Lyme disease is the most common vector borne disease in regions with moderate climate. The cause of the disease is Borrelia burgdorferi sensu lato (B. burgdorferi s.l.), whereas infection is spread via bite from a tick carrying the causative agent. The objective of this work is the examination of descriptive-epidemiological characteristics of Lyme disease in North Backa region in the period from 2012 to 2016. In terms of classifi cation, Lyme dis-ease does not fall into the category of diseases that must be reported when infection occurs among animals. The average rate of incidence in humans during the observed five-year period is 7/100.000. Th e highest incidence of this disease among humans was observed in 2013 (In 12.2/100,000) with 22 reported cases, whereas the lowest incidence was in 2015 (In 5.0/100,000) with 9 reported cases. The highest rate of incidence was recorded in Bačka Topola municipality – 15.9/100.000; followed by Mali Iđoš with 7.2/100.000; while the lowest rate was recorded in Subotica being 5.0 cases per 100,000 residents. Th e presence of the disease was confi rmed in all patients via labo-ratory (serological) tests. Women were more likely to become infected, with the male-female patient ratio being 41%-59%. The disease was documented predominantly among people aged 50-69. The majority of cases were re-corded during spring and summer, in the period from May to June (71%). Among animals, the disease was documented in Subotica and Mali Iđoš municipality, with average prevalence rates among dogs and horses being 0.07%; and 1.52% respectively. Subotica municipality has the most accurate records of cases and a prevalence of 0.06% among dogs, and 1.43% among horses, while Mali Iđoš municipality has higher prevalence, being 2.99% among horses and 0.14% among dogs. The highest occurrence of Lyme disease among animals was documented in 2015, with a prevalence of 2.85% among horses. The presence of causative agents among examined ticks in Mali Iđoš municipality was 16.28% on average, predominantly in 2015 (in 21.21% of examined ticks).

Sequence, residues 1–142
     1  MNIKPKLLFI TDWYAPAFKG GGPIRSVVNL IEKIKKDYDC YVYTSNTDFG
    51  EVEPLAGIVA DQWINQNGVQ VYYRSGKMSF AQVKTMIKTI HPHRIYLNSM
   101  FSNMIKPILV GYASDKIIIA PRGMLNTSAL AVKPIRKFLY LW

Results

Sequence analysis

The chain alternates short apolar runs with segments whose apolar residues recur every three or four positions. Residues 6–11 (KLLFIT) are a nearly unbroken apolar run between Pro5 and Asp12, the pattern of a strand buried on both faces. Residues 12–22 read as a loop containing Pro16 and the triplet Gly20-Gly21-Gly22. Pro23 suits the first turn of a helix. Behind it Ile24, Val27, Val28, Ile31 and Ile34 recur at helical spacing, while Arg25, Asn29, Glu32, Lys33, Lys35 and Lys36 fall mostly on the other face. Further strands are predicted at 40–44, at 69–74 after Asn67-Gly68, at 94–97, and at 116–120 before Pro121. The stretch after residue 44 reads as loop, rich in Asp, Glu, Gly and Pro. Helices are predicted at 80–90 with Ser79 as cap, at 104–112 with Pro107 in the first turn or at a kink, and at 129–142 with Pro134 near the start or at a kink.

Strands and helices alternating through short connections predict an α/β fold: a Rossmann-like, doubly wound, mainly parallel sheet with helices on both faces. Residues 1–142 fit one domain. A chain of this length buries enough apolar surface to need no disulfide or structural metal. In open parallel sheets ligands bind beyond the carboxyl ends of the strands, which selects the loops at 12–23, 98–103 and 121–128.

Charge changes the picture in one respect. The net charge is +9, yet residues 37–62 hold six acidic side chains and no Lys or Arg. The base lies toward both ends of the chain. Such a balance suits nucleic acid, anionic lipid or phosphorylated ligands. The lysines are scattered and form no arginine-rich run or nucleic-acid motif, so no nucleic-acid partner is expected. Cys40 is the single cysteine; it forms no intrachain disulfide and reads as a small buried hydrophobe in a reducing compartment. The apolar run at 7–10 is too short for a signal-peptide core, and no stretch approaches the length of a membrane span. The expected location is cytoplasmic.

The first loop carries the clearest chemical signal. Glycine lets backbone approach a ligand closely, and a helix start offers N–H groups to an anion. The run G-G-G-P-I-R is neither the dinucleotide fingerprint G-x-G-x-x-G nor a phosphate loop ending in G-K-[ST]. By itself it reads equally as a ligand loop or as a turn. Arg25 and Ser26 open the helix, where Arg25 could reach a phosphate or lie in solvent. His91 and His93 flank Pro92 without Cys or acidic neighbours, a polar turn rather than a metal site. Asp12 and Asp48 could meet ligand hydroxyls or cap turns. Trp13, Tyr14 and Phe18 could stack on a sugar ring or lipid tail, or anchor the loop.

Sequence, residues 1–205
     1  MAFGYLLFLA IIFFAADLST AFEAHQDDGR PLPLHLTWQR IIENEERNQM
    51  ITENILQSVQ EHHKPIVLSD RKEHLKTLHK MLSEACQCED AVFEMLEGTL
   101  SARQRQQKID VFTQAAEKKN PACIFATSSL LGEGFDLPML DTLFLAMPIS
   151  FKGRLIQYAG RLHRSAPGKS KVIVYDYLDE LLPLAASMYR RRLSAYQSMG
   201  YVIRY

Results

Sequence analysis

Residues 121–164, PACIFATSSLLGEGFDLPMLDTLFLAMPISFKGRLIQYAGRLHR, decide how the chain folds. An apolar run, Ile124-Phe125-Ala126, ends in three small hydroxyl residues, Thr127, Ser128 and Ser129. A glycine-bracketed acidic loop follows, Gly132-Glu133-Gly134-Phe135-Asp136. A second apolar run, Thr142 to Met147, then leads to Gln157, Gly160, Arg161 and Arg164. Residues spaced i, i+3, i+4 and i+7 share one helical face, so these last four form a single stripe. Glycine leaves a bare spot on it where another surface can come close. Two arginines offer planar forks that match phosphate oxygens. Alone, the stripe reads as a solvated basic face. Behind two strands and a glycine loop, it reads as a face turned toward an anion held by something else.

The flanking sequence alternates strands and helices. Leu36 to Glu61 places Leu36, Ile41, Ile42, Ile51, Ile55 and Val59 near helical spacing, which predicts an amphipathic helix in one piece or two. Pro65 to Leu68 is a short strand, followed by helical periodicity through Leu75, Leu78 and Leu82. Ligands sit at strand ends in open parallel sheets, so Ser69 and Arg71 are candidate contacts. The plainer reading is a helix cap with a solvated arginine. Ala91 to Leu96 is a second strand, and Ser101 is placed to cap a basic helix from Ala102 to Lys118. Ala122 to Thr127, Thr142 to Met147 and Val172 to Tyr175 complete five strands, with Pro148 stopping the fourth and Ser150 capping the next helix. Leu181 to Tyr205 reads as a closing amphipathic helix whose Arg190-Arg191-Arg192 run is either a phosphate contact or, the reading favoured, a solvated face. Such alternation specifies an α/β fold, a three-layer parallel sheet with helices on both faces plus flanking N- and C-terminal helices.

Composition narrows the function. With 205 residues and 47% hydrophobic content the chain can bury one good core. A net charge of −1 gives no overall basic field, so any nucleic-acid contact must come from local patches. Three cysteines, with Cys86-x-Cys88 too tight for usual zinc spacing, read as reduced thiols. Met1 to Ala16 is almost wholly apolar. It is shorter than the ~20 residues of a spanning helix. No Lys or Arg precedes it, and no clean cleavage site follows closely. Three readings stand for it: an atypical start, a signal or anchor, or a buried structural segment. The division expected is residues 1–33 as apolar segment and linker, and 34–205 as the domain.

Arhives of Veterinary Medicine is an Open Access Journal.